The latest RS4 Avant is not exactly a perfect car — it's uncomfortable and loud. Read on...
Photos by Azfar Hashim
I am still amused as to why there’s no USB point for me to plug in my iPod. But it’s ok Audi, that’s forgiven as, after all, this car is a driver-focused tool – all that matters is (a) how it drives and (b) the noise it makes.
Let’s start with how aesthetically pleasing the RS4 Avant is to the naked eye: for a start, tastefully flared wheel arches on all four corners to accommodate the fat 19-inch alloys (wrapped in 265/35 R-19 Toyo Proxes T1 AO tyres) — lovely. Then, the highly detailed front bumper that looks all ready to swallow whatever lies ahead — yummy. Aggressive rear bumper matched to a pair of blackened exhaust tail pipes and a subtle spoiler — sleeper, indeed. Oh, and those pair of roof rails somewhat add more style to the already oh-so-sporty persona of the car.
The interior, although largely still your typical A4 fare, does feel special — firstly because of the black/red colour combination of the entire cabin. Then, both driver and front passenger get to enjoy the snug sports seats; however while the driver may appreciate this, the passenger on the other hand may find it unnecessary for the daily drive. It does feel a little hard and then uncomfortable when you’re going over bumpier roads (like the KPE); erring on the side of bone-jarring particularly when driven in Dynamic mode. Thankfully, you can still opt for regular seats.
Rear passengers sit comfortably low and thanks to that, headroom would not be an issue even if you are slightly on the taller side. That said, you might want to think twice about fitting a third adult in the centre — unless he happens to be a hobbit. Due to the intrusive transmission tunnel, you may want to refrain yourself from being too kind to your colleagues; you would end up being quietly cursed at instead…
This being a wagon, boot space should not be an issue to most family men: already useful with the rear backrest up, it can expand to 1,430-litres when required. If you still need more, perhaps you should consider buying a pick-up.
Lying under the hood is the glorious 4.2-litre V8 powerplant, similar to its RS5 sibling - which means you do get proper muscle, equating to proper firepower. Close your eyes, add a bit of throttle and you hear proper V8 noise; instant aural relief to any ears tired of the muted murmur of four and six-pot lumps — this one’s heavyweight, gruff and on the right side of scary sounding.
But scary is the last thing this car is. Power and torque from the 4,163 cc engine are not in any short supply, with a massive - get this - 450 bhp at 8,250 rpm and 430 Nm from 4,000 rpm. But the linear, strong chested power delivery means it will haul on from just 1,000 rpm even in seventh gear. So unlike a turbocharged car, or a peaky straight six or high revving trillion-valve four-cylinder, the V8 just gets on with it any engine speed, any gear. Any ankle flex results in entirely predictable responses.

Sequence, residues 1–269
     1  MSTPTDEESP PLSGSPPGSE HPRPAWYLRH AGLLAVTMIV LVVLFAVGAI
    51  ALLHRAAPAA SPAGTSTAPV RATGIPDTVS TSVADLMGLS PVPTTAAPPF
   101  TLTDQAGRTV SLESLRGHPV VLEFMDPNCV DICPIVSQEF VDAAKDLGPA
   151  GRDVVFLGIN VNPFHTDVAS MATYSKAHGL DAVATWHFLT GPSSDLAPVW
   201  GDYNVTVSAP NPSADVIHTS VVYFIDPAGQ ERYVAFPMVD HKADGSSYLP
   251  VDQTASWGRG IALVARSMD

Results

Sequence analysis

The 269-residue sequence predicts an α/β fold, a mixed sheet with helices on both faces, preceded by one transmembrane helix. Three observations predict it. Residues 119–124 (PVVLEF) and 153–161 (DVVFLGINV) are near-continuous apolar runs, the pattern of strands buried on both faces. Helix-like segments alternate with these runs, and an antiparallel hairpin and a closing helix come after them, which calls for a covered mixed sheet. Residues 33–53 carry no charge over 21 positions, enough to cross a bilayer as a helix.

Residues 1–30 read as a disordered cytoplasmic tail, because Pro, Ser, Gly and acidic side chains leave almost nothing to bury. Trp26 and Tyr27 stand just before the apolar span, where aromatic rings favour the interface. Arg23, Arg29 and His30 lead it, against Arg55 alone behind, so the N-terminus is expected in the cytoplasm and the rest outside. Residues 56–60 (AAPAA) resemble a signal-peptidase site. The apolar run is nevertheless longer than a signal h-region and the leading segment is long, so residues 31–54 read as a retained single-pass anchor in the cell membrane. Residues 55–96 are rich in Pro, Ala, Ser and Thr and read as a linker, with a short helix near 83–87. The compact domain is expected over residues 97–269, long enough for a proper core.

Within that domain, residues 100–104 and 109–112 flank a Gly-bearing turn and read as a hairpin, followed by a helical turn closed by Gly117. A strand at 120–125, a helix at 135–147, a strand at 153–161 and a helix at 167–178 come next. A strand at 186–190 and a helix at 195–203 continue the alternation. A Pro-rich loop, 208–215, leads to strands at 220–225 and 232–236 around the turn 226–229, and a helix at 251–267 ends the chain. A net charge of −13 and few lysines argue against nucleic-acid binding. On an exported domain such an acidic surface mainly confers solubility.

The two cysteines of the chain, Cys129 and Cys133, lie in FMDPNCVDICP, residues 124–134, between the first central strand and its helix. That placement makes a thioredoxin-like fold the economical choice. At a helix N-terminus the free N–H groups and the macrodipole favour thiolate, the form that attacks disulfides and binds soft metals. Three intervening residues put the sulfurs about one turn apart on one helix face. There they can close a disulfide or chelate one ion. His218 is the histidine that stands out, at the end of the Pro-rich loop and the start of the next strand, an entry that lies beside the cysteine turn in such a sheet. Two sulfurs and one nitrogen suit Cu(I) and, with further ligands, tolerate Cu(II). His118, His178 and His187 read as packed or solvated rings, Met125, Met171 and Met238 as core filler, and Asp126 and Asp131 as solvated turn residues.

The RS4 is governed to a maximum 250 km/h (although we all know you can bypass this at your friendly tuner), reaching 100 km/h in a scanty 4.7 seconds. To be honest, it's at its best between second to fifth gear, where you can really appreciate (a) the torque, (b) the overtaking power and MORE importantly (c) the soundtrack, which really hardens once past 4,000 rpm. But swap the S-tronic 'box into seventh (oh by the way Audi has officially announced the death of the six-speed manual for the RS range) and the RS4 settles to a relaxed cruise.
That's the best thing - it will happily handle the mundane monotony of expressway mileage without taxing you. However, as soon as you depart in search of twisties, the car comes back to life.
Despite the size and all that power, the RS4 feels rather nimble and agile, the front two wheels feeding the steering with all the information. Just how did Audi manage to achieve all these? The tried and proven way: throw in quattro all-wheel drive system, add a sports differential to actively deliver power between the rear two wheels, highly alert traction control system - just to name a few - and… tadaa… immense amount of grip; the sort that leaves a BMW M3, Mercedes-Benz C63 AMG and even Lexus IS-F toughing out just to match up.
And if you’re the sort who loves a weighty helm, then ‘Dynamic’ mode is definitely your cup of tea — Audi’s electromechanical power steering put into good use here for the RS4.
You do need to get used to the additional width though: it is longer and wider than the regular A4 Avant thanks to the additional bodywork, hence attacking apexes with gusto or even parallel parking needs some careful observation from the driver.
Now we all know how important good anchors are for our roads, looking at the number of “perfect” drivers our population has. With Audi’s high-performance system featuring carbon ceramic cross-drilled discs (by the way those are 380 mm front and 324 mm rear discs / six piston front, single piston rear calipers), braking power is one of the RS4’s strongest suits. Well I was fortunate (or is that unfortunate?) enough to really test them out, and I’m glad to report that it performs brilliantly at bringing this 1.8-tonne wagon to slow down massively from speeds when you least expect it.
So, if all you need is a driving tool dressed up in a practical body that can still be called upon for other more mundane tasks (the school run or help the in-laws shift), then the Audi RS4 is all yours. Just keep this in mind: do not expect too much comfort.
But here’s one thing to ponder on: Why did Audi decided to lay the manual transmission to rest and not make it an option even? After all, we’re sure they somehow do have access to Porsche’s part bins, and adopt the seven speed manual this time around — that would certainly be interesting…